Yes campaign groups received more than five times as much in donations as no side in voice referendum | Indigenous voice to parliament

Posted by

The main groups for the referendum yes campaign received more than five times as much in donations than opponents in the no campaign, with details of major donations from big banks and major companies revealed in newly published disclosure reports.

The single largest donor was the philanthropic Paul Ramsay Foundation, contributing more than $7m to the yes campaign, according to Australian Electoral Commission disclosures. ANZ bank ($2.54m), Woodside Energy ($2.182m), Commonwealth Bank ($2.05m) and Westpac ($2.048m) donated large sums as well. And Wesfarmers, BHP and Rio Tinto all donated $2m to yes campaign groups, while Woolworths tipped in $1.56m.

The referendum on inserting an Indigenous voice into the constitution was defeated by a 60-40 margin last October. The conservative lobby group Advance, which led the no campaign, and its fundraising vehicle Australians for Unity spent $10.44m and $11.82m, respectively, through the referendum period.

Australians for Unity received $10.84m in donations while Advance itself received $1.32m. Clive Palmer’s Mineralogy spent $1.93m on its campaign, according to its AEC disclosure.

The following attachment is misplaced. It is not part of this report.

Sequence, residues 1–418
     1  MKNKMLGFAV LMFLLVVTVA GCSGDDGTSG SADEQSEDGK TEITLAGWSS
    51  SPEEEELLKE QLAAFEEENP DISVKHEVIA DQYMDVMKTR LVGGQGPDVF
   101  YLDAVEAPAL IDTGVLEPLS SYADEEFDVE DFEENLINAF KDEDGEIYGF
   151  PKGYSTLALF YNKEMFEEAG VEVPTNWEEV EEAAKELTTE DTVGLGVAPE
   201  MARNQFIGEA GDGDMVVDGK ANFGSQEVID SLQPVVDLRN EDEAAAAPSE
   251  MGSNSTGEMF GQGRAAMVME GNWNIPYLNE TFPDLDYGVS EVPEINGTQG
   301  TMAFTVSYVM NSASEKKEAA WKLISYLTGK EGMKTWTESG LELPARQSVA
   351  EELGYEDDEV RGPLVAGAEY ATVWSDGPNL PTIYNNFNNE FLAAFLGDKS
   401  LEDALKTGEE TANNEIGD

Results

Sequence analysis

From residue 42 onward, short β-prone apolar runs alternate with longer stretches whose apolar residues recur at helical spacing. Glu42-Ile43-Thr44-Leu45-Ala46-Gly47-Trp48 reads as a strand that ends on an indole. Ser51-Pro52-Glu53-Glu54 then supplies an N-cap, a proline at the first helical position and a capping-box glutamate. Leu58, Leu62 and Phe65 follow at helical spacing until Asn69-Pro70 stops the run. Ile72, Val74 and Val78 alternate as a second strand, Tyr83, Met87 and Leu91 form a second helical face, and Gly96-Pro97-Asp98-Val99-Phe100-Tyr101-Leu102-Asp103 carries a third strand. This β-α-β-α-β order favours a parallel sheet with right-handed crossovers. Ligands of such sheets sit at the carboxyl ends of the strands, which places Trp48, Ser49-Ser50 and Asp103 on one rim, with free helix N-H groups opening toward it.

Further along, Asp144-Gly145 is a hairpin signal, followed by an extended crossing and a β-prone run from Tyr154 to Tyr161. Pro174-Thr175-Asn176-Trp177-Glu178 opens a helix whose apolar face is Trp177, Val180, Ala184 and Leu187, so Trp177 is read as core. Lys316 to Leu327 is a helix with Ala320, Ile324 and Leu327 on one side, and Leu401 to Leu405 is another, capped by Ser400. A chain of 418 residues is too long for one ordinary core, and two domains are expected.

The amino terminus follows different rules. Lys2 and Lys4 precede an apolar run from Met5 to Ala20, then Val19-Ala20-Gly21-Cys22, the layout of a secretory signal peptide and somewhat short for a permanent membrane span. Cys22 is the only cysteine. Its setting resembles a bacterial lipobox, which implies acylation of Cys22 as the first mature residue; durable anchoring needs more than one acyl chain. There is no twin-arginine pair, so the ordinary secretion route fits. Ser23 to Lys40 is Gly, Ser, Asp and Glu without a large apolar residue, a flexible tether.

But those figures were dwarfed by the donations and spending of the main yes campaign groups. Australians for Constitutional Recognition, the official yes campaign group, received $47.46m in donations and spent $43.82m. The University of New South Wales, home to the Uluru dialogue group which spearheaded the Uluru statement from the heart upon which the voice was based, received $11.12m and spent $10.03m.

Combined, the two major yes groups received $58.59m and spent $54.13m. Separate donations and spending from other pro-yes groups including trade unions, social groups and political parties contributed millions more.

Major donors to the no campaign individually contributed smaller amounts than the headline figures given to the yes campaign. Silver River Investment Holdings, run by the former fund manager Simon Fenwick, gave $250,000 to Australians for Unity. Fenwick, a longtime donor to Advance, gave another $250,000 in his own name.

Jeffrey McCloy, a former mayor of Newcastle, contributed $169,176 to Australians for Unity. Marius Kloppers, a former chief executive of BHP, appears to have donated $100,000 to the same group.

The largest donor to the no campaign appears to be B Macfie Family Pty Ltd, which gave eight separate contributions of $100,000 each. Its director, Bryant Macfie, gave $100,000 under his own name.

skip past newsletter promotion

Australians for Unity also received $250,000 each from Riley Street Car Park Pty Ltd and Harbig Properties Pty Ltd.

The former Liberal prime minister Malcolm Turnbull donated $50,000 to the yes campaign.

More to come …